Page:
Strategic

What does the word ‘strategic’ mean?

The Oxford English Dictionary on ‘strategic’

Identifying long-term aims and interests – and working out how to achieve them. That sounds quite sensible, doesn’t it? Who could argue with that?

Yet I found myself having to look the word up, after Transport for the North – the organisation formed to ‘transform the transport system across the North of England, providing the infrastructure needed to drive economic growth’ – used it in a way that implied active travel is outside the remit of ‘strategic’ transport.

This might have just been some clumsy wording from the person running their social media account, but this attitude is reinforced not just in the imagery Transport for the North uses, but also in the reports it produces.

Planes, electric cars, trains, motorways – but not much sign of active travel here –

Spot the missing modes of transport

Or indeed here –

Container shipping, airports, motorways, trains, and people using a travelator, instead of active travel.

Equally, as Carlton Reid has spotted, Transport for the North’s new Strategic Transport Plan contains essentially no discussion of active travel, choosing instead to focus on road and rail connections between urban areas. This is despite Transport for the North’s remit covering journeys ‘within the North’, which will obviously include all those short trips that could be walked and cycled – in fact, the majority of the trips we make. 68% of all British trips are under 5 miles; 23% are under 1 mile.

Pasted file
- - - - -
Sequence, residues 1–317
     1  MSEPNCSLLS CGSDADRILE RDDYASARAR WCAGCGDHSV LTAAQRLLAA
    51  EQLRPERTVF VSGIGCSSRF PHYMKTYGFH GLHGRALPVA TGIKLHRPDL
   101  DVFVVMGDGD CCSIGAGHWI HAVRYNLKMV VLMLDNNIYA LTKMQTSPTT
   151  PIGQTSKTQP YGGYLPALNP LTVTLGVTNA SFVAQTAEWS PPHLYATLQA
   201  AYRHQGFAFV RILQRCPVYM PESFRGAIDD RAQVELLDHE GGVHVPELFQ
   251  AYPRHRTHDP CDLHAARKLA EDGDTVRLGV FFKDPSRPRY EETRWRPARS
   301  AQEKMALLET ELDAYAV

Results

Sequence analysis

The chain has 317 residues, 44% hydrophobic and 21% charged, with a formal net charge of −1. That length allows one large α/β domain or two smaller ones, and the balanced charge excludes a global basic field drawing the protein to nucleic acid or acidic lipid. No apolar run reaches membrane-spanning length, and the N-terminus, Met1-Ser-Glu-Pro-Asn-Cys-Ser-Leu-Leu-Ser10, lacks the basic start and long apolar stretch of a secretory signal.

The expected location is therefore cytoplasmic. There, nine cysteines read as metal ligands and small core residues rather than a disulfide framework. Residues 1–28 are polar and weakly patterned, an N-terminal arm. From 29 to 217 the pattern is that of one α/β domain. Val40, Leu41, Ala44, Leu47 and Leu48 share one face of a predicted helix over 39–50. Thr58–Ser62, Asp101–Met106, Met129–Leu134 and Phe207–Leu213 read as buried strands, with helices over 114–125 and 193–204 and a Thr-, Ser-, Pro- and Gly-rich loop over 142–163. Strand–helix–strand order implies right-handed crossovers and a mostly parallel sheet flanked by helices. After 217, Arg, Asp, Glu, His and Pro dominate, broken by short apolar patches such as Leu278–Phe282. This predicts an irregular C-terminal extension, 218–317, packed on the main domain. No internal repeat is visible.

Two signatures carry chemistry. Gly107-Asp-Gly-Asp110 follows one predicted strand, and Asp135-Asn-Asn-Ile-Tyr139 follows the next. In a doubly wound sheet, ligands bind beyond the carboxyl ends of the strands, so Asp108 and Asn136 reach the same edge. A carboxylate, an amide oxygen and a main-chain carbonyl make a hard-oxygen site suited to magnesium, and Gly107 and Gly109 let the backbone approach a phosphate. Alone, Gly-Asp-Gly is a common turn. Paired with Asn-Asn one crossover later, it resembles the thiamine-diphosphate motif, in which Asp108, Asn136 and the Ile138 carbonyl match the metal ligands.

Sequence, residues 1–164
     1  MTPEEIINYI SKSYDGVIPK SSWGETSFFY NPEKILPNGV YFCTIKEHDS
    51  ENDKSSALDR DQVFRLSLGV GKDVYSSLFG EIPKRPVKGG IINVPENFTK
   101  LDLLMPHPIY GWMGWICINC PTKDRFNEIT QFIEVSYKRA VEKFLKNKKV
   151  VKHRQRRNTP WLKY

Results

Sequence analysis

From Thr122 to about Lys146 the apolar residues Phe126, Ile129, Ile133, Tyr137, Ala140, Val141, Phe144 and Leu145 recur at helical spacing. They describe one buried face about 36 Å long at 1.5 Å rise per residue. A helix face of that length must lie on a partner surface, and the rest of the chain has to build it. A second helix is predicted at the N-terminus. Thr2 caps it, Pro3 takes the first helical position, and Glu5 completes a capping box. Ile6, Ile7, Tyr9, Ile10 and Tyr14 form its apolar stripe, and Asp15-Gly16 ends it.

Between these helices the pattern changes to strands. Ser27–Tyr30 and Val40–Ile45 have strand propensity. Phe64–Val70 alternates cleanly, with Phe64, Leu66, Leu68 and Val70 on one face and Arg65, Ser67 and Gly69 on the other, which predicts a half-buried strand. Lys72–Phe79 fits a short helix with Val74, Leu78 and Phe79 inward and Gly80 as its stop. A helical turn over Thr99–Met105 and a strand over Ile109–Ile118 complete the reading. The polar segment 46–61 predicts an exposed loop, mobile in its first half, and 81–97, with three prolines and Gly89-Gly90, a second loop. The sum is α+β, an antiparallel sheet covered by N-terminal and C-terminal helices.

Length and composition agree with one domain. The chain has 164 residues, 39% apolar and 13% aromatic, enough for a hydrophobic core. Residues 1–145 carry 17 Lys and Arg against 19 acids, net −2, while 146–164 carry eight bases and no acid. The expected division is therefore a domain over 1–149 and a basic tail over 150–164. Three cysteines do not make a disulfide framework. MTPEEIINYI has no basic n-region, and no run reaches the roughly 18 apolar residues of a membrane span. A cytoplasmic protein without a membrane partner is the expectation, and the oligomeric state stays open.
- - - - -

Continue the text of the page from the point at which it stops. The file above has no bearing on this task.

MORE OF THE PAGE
From the latest National Travel Survey.

So what’s going on here?

I think it’s indicative of a belief – one that’s widespread across Britain, and not just limited to the North – that only certain forms of transport, and certain types of journeys, are worthy of investment, and serious consideration. Only motorways, roads, railways, airports and shipping can be thought of ‘strategically’ (whatever that actually means). The mundane ordinariness of walking and cycling for trips under 5 miles in length isn’t apparently something that deserves to be thought of ‘strategically’.